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Visitors are lured to the Clare Valley by the region’s world-class wines and they have high expectations of their wine experience.  With this in mind, the Clare wine industry has launched Clare Valley Rocks, a project which allows tourists to discover the earth beneath the vines.

Wine is a matter of taste, but where does that taste come from?  Well it starts with the rocks and the soil which combined with many other factors in the vineyard, the winery and the history of the bottle, contributes to the goût de terroir of the finished wine.  This French expression describes the characteristic taste and flavor imparted to a wine by the environment in which it is produced.

This project invites visitors to discover how different rocks and soils play a role in the wine you taste.  Visitors are able to pick up a CVR brochure and map at cellar doors throughout the region and explore the 12 interpretive geological sites situated around the Clare Valley, each site displaying a predominant geological feature.  Wine tourists can also visit many wineries in the Clare Valley and find examples of their dominant soil profiles on display which relate directly to the wines that are offered for tasting.  Soil sampling at more than 50 vineyard sites throughout the valley was carried out to provide these profiles.

Project sponsors Clare Valley Winemakers Incorporated and Clare Region Winegrape Growers Association say it is a landmark undertaking, describing the soils and its underlying geology as the foundation of the Clare Valley’s wine industry.

Clare Region Winegrape Growers Association President Troy van Dulken said, from a grape growing perspective, it was great to see what lay underneath the vines and gave visitors to the Clare valley an insight into the enormous variation of soil types and the challenges for growers that brought with it.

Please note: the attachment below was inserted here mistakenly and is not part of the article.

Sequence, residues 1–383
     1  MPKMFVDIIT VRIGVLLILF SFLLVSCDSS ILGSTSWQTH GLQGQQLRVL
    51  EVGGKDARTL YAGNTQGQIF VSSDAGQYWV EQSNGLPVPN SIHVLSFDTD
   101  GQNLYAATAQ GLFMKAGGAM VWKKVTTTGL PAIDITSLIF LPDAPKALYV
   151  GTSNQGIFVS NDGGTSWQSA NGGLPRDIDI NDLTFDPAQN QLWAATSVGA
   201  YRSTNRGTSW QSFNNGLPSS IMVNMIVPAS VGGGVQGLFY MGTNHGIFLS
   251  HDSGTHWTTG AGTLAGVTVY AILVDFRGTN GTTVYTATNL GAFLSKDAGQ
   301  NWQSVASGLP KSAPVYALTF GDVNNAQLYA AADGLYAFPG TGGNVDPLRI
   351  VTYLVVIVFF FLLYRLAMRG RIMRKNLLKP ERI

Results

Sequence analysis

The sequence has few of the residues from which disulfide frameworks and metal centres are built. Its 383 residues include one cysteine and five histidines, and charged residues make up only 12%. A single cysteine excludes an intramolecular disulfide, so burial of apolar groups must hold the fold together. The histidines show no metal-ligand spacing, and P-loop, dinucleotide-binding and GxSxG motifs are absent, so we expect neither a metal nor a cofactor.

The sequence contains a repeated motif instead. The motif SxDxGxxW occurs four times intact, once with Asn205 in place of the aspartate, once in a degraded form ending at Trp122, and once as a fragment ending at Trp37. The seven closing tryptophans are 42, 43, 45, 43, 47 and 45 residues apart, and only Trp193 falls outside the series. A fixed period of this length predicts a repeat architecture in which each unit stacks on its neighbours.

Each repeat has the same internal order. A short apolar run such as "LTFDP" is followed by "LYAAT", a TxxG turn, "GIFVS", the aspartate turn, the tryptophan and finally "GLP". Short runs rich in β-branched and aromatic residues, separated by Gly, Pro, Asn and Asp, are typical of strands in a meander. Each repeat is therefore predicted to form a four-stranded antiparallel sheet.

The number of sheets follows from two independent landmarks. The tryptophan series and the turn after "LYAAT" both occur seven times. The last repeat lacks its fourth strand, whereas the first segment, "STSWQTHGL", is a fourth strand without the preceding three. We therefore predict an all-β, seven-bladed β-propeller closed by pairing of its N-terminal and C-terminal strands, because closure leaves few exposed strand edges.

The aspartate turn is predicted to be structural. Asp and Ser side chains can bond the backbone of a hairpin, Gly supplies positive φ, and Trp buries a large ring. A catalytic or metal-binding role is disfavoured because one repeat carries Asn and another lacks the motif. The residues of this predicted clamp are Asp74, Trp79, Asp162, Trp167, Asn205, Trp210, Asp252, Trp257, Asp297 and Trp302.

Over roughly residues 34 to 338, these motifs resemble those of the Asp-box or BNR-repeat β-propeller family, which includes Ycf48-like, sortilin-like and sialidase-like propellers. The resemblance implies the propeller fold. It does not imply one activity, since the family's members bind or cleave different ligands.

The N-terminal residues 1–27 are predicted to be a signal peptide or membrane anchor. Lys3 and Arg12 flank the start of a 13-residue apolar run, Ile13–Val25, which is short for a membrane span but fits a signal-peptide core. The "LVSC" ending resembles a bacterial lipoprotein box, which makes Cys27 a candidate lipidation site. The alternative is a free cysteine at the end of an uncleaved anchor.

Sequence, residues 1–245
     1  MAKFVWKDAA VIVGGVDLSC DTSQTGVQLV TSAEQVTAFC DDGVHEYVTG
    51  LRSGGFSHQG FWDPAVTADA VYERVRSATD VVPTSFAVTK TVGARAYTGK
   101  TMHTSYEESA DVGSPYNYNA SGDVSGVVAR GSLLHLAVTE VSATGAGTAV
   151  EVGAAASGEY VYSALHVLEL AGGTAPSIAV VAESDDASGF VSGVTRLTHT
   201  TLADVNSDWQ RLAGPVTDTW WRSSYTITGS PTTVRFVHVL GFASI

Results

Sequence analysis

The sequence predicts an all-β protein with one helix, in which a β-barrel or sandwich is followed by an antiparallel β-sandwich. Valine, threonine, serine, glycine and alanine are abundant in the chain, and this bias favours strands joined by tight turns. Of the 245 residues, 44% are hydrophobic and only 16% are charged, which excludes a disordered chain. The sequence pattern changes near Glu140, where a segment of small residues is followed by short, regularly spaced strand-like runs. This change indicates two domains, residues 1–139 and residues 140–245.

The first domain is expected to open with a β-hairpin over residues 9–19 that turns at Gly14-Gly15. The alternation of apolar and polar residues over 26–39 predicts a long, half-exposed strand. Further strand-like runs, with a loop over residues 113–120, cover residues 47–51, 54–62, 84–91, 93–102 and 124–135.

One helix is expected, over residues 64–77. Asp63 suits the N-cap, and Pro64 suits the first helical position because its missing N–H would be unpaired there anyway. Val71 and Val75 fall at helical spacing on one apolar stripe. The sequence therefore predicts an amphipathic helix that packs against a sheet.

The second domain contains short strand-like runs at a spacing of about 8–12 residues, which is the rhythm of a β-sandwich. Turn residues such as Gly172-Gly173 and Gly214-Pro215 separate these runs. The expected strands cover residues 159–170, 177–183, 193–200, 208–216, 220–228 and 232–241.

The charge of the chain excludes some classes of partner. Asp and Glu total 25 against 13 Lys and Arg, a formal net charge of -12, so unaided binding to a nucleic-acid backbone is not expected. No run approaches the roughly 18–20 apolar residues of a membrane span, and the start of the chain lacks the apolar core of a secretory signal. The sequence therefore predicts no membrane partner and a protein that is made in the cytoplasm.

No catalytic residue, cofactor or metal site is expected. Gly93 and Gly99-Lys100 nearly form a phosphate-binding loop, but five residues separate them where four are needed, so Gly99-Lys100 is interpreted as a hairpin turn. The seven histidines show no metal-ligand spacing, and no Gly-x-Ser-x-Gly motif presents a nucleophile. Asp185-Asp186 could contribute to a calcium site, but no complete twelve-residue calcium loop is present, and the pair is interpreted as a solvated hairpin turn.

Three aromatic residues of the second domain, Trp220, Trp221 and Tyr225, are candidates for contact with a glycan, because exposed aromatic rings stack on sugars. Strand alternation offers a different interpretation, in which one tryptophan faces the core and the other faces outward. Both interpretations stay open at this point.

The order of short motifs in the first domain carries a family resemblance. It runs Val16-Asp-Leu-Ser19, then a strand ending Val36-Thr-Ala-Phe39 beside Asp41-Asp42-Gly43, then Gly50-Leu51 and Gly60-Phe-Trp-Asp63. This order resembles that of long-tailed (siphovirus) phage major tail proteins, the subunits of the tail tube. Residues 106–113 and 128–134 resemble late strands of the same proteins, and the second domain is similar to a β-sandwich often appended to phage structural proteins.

“It also underlies the great job that grape growers do, growing amazing quality grapes for the winemakers to turn into liquid expressions of the Clare Valley,” he said.

More detailed information can be found at the Clare Valley Rocks website, including detailed information on the soils, climate and geology of the Clare Valley and its ground water flow.

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CRWGA Vineyard Survey - Calling All Growers

The grape growers association, in its Strategic Plan 2015-2018, identified updating its database as a key objective.  This database would ideally include vineyard information from every vineyard owner in the Clare Region and map all the vineyards, including variety by area. This updated information is deemed essential for the ongoing management of the CRWGA in terms of better underestanding the serving the needs of its members. We are calling for any growers who have not yet completed and returned the survey to do so.  Click here for a copy of the survey document.

CRWGA Strategic Plan 2015-2018

The Clare Region Winegrape Growers Association has recently completed a new strategic plan,outlining it key objectives and priorities for the next three years.Click here to read the new plan.

2014 Phylloxera Board Winegrape Crush Survey

Statistics about the Clare Valley grape crush for 2014 have been released, showing an annual crush of about 20,000 tonnes and small inprovements in grape prices on the previous season.  Area undervine in the Clare Valley remains at about 5,300ha.

Controlling Eutypa Disease

The management of pruning wounds has been the focus of recent research into the control of eutypa dieback.  Application of certain fungicides, using commercial sprayers, at current label rates recommended for other grapevine diseases has been effective in controling eutypa dieback

Clare Region Winegrape Growers Association Committee 2014-15

President: Troy van Dulken
Vice President: Ben Mitchell
Treasurer: Peter Burner
Secretary: Alister Sandow
General Committee: Frank Armfield, Kerry Ward, David Olssen, Geoff Lewis, Malcolm Parish, Andrew Pike (CVWI rep), Roy Crabb (CVVIS rep), Robert Eaton, John Barry.


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